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Monday, May 23, 2016

Pharma Digital Ad Spend Numbers are Elusive & Confusing

Over the years I have tried to determine what portion of pharma's total marketing budget is devoted to digital and if that portion is increasing (see here, for example). Various sources look at various channels and it's not easy to compare one source with another. Even data from the same source may not compare apples to apples.

Last month, for example, one pharma trade publication claimed that data from the Interactive Advertising Bureau showed that the pharma industry's digital ad spending in 2015 was "about $3 billion." But the data really applied to "Pharma and Healthcare," which includes "personal care, toiletries, and cosmetic products", etc. Since the latter product categories may be responsible for 50% of the $3 billion, I estimated the pharma Rx drug-specific digital ad spending was more like $1.5 billion, excluding search advertising (see "Did Pharma Really Spend $3 Billion on Internet Advertising in 2015?").

I just came across some data from eMarketer, which seems to verify my estimate (see chart below).

Sourced via Klick Wire (here).
Again, the pharma trade publication that published this chart said the data refer to "US pharma ad spend," so one would assume pharma spent $1.67 billion on digital advertising in 2015, which is close to my $1.5 billion estimate derived from the IAB data. But is that true and what forms of advertising are actually included in eMarketer's estimate?

eMarketer breaks down the digital ad spending as shown in the following chart.

Sourced via Klick Wire (here).
Although this is 2016 data, we see that eMarketer's numbers include search, whereas the IAB data do not. It also includes other "healthcare" digital ad spending - including marketing of "over-the-counter products, facilities, services, research, healthcare professionals, hospitals and biological products, as well as establishments providing healthcare services and social assistance for individuals" - and not just pharma Rx ad spending, which is the holy grail I am seeking. In any case, about 44% of the total ad spend is for search - this is close to my 50% estimate.

Let's say 44% of the $1.67 billion digital spend in 2015 was also devoted to search. That leaves just $0.73 billion for display and other digital advertising for the entire healthcare industry (not just pharma Rx drug advertising). Hmmm... again assuming 50% of that is for toiletries, cosmetics and such, that means only about $0.36 billion for pharma Rx drug ad spending in 2015.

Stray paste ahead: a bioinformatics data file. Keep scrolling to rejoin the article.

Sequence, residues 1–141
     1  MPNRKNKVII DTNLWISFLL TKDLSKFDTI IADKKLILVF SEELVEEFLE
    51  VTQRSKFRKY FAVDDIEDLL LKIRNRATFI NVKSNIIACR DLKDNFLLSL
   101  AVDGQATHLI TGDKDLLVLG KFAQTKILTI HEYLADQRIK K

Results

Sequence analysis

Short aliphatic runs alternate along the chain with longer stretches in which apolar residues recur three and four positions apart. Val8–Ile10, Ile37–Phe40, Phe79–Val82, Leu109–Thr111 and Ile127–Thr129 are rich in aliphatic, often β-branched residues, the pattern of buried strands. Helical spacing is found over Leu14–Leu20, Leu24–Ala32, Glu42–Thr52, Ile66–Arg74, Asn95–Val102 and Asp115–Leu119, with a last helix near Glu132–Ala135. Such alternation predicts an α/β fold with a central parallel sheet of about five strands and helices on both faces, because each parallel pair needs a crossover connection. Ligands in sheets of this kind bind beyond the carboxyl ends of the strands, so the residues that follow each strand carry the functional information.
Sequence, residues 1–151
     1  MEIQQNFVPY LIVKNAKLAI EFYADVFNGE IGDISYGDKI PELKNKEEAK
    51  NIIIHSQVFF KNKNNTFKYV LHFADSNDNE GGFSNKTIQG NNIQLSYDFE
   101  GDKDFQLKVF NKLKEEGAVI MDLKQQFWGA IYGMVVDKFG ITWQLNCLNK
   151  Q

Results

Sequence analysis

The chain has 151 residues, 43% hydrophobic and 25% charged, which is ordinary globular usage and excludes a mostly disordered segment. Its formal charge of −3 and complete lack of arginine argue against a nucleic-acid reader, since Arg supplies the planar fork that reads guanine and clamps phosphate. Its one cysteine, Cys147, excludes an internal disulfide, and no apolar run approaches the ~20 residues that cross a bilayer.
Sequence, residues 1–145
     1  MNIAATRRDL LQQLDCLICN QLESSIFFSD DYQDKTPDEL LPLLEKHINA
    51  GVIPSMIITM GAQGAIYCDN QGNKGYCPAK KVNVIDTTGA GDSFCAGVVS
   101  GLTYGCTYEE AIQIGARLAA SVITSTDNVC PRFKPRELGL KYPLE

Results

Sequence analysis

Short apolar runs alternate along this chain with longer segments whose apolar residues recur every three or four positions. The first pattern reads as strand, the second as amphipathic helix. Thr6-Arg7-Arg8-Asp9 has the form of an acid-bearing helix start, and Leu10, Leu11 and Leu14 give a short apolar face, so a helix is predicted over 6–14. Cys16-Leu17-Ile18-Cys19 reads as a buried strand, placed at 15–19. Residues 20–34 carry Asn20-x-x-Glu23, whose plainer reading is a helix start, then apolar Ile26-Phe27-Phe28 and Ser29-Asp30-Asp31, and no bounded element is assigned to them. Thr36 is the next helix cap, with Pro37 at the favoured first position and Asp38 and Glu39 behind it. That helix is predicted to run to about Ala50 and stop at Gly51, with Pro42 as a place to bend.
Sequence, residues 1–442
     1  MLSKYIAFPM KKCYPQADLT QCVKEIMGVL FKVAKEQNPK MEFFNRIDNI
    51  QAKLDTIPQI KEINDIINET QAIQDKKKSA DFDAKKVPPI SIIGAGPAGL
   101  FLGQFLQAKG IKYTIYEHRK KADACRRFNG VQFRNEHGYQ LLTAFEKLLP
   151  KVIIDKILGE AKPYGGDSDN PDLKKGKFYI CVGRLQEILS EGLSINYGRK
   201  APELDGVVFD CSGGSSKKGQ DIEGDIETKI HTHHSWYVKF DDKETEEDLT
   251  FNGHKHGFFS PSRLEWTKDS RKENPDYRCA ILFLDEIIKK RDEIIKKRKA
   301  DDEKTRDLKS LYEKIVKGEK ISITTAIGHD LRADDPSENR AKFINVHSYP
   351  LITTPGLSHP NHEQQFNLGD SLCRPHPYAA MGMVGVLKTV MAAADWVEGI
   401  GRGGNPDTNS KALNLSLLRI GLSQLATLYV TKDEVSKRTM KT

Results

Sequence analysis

Even I think that's too low an estimate. Also, does this estimate only include digital advertising aimed at consumers and not physicians?

Let's assume it only refers to consumer ads. It is estimated that the pharma industry spent a total of about $5.4 billion on direct-to-consumer (DTC) advertising in 2015 (see "Annual Spending on Direct-to-Consumer Drug Advertising Ties an All-Time High"). If pharma spent $0.73 billion on digital advertising (excluding search) and all of that was focused on consumers, then, at most pharma spent only 1.4% of its DTC ad budget on digital advertising to consumers in 2015. At worst, less than 1%. Double those numbers if search is included.

These numbers are much lower than any estimate of the percent of pharma consumer ad spending devoted to digital that I have seen, which hover around 5% (see here).

P.S. According to Nielsen measured media audits (see here), pharma spent an average of $0.68 billion on digital advertising (i.e., display ads) from 2011 through 2013. Assuming no big increase in spending, that is in the same ballpark as the eMarketer estimate, which may include media spending not included in Nielsen's numbers.

As the Klick Wire editors say, "The full report is available to eMarketer subscribers." If you are a subscriber, perhaps you can clarify some assumptions made in this post about exactly what goes into the eMarketer estimates of digital ad spending and what portion of that estimate is actually devoted to Rx drug advertising. Or, I guess I should just contact eMarketer.

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